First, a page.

There are only going to be a handful of exhibitors, so please stop by and say hello to me. Let's make each other rich and famous!

A

Tuesday, April 6, 2010

White Wine Lovers Are People, Too

Once again, here in North Carolina, we have gone straight from winter to summer. Central heat to A/C. Sweaters to sundresses. A week ago I had to put on a coat to go check an order in the warehouse. Today they’ve got the big fans running out there. On my lunch break today I went for a walk and got pink cheeks, pollen-coated eyeballs and blistered feet from my flip flops. Spring, as it were, has sprung.

Last night, in celebration of the NCAA championship and the warm sunny weather, I had an amazing wine: 2006 Weingut Knoll Loibner Riesling Federspiel. I mean, this stuff was crazy good. And it got me thinking about how white wine drinkers are so often left out. There are truly fabulous whites out there – like Txakoli, Beaujolais Blanc, Rkatsiteli – and it makes me a little nuts when they get sidelined in favor of, well, anything else that just happens to be red.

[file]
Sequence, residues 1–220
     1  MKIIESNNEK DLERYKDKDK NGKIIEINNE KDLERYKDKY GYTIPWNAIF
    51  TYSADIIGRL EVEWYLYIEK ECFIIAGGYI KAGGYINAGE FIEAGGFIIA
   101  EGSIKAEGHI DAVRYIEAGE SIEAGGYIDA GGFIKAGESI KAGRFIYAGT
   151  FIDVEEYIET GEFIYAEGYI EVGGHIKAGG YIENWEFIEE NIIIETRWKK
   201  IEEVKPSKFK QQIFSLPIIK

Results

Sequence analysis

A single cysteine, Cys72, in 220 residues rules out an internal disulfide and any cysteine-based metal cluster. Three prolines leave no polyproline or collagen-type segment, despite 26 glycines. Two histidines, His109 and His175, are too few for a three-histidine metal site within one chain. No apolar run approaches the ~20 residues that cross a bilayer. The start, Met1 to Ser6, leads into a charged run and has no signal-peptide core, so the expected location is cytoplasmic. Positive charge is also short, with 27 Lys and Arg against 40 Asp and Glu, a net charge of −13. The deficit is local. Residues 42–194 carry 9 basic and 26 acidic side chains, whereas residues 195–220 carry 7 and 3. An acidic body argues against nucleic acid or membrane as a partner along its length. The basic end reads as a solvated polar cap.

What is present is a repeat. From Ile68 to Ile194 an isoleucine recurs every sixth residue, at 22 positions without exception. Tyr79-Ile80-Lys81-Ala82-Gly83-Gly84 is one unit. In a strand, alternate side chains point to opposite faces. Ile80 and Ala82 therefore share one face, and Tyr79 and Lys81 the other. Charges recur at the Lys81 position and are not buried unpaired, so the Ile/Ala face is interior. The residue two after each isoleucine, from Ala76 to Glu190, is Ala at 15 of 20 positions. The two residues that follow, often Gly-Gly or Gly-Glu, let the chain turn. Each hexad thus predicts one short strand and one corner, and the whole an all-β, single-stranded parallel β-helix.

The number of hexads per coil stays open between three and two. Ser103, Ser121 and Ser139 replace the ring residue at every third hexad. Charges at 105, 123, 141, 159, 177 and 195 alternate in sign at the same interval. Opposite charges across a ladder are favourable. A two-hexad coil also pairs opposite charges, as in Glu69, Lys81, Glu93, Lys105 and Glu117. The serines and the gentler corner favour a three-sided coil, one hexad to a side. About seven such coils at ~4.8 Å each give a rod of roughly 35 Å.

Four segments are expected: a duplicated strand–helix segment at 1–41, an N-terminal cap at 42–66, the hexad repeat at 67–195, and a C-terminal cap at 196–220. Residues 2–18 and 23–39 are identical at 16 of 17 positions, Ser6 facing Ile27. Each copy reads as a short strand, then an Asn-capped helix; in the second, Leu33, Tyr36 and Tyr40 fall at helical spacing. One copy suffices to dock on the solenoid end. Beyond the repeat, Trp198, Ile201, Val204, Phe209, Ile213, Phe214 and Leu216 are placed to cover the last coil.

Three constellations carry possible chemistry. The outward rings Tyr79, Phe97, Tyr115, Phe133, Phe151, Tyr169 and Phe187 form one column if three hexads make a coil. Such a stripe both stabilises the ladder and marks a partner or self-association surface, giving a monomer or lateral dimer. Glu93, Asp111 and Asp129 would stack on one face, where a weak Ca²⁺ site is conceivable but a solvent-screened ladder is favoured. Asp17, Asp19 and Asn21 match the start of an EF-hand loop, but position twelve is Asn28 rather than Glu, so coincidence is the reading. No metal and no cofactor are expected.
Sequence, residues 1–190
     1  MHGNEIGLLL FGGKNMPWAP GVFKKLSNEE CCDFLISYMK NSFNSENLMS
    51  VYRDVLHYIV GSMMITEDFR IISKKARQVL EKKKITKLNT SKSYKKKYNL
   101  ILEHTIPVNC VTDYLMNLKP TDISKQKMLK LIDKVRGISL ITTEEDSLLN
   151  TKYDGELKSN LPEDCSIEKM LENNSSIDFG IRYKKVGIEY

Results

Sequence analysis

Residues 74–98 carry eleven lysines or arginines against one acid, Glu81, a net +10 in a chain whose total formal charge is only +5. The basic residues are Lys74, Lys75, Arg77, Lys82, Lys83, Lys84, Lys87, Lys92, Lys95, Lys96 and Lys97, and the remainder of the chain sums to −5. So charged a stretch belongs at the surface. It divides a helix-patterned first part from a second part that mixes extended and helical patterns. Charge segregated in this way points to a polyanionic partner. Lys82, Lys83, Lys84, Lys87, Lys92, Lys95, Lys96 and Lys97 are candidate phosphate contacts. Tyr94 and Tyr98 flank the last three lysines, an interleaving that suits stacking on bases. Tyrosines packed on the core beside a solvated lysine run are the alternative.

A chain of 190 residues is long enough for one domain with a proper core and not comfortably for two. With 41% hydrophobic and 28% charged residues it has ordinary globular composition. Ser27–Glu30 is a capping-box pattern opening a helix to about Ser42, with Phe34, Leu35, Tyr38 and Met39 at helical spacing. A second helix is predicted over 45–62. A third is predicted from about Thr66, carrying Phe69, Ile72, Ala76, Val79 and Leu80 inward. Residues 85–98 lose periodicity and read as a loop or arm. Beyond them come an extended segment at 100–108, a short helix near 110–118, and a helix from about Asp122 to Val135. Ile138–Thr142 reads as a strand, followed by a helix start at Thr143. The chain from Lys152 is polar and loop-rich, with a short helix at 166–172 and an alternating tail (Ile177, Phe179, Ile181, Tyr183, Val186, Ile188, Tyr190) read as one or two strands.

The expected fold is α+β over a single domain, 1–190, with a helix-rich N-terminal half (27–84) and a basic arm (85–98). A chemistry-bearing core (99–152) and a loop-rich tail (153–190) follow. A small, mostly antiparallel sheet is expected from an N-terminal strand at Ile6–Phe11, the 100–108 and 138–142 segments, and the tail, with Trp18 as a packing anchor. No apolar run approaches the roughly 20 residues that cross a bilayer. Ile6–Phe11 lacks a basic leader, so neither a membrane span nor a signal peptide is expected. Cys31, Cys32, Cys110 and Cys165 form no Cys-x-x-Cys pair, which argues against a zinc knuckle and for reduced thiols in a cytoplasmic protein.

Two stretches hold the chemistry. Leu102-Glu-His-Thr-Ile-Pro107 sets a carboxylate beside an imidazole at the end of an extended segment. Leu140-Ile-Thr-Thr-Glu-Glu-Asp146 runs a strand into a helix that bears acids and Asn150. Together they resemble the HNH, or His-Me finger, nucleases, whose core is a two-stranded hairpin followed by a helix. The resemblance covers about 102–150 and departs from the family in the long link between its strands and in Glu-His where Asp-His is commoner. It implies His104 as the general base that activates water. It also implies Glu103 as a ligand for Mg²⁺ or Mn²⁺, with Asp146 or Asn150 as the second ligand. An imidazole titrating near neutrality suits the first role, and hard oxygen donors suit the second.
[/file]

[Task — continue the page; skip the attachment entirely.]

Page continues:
Red wine drinkers get to use all kinds of cool gadgets, too. Hey, I like gadgets, so I decided to try aerating the Riesling using the Vinturi aerator for white wine. Oh, my! It opened up with oxygenation and really just kind of blew up in my mouth. Delicious. I was reminded that ALL wines, unless they are very old, can benefit from aeration. Tonight I’m going to try a simple bottle-top aerator like the OxyMor on another bottle of white. Perhaps a 2008 Domaine Labranch Laffont Pacherenc Du Vic-Bilh Sec. It is spring, after all. And my team did win.

Oenophilia Spring Sale is going on now! Get 10% off all Oenophilia brand products on orders of $250 or more. Ends 4/9/10. Orders must be scheduled to ship no later than 4/30/10. May not be combined with other offers. Discount does not apply to distributed products. Spring fever, anyone?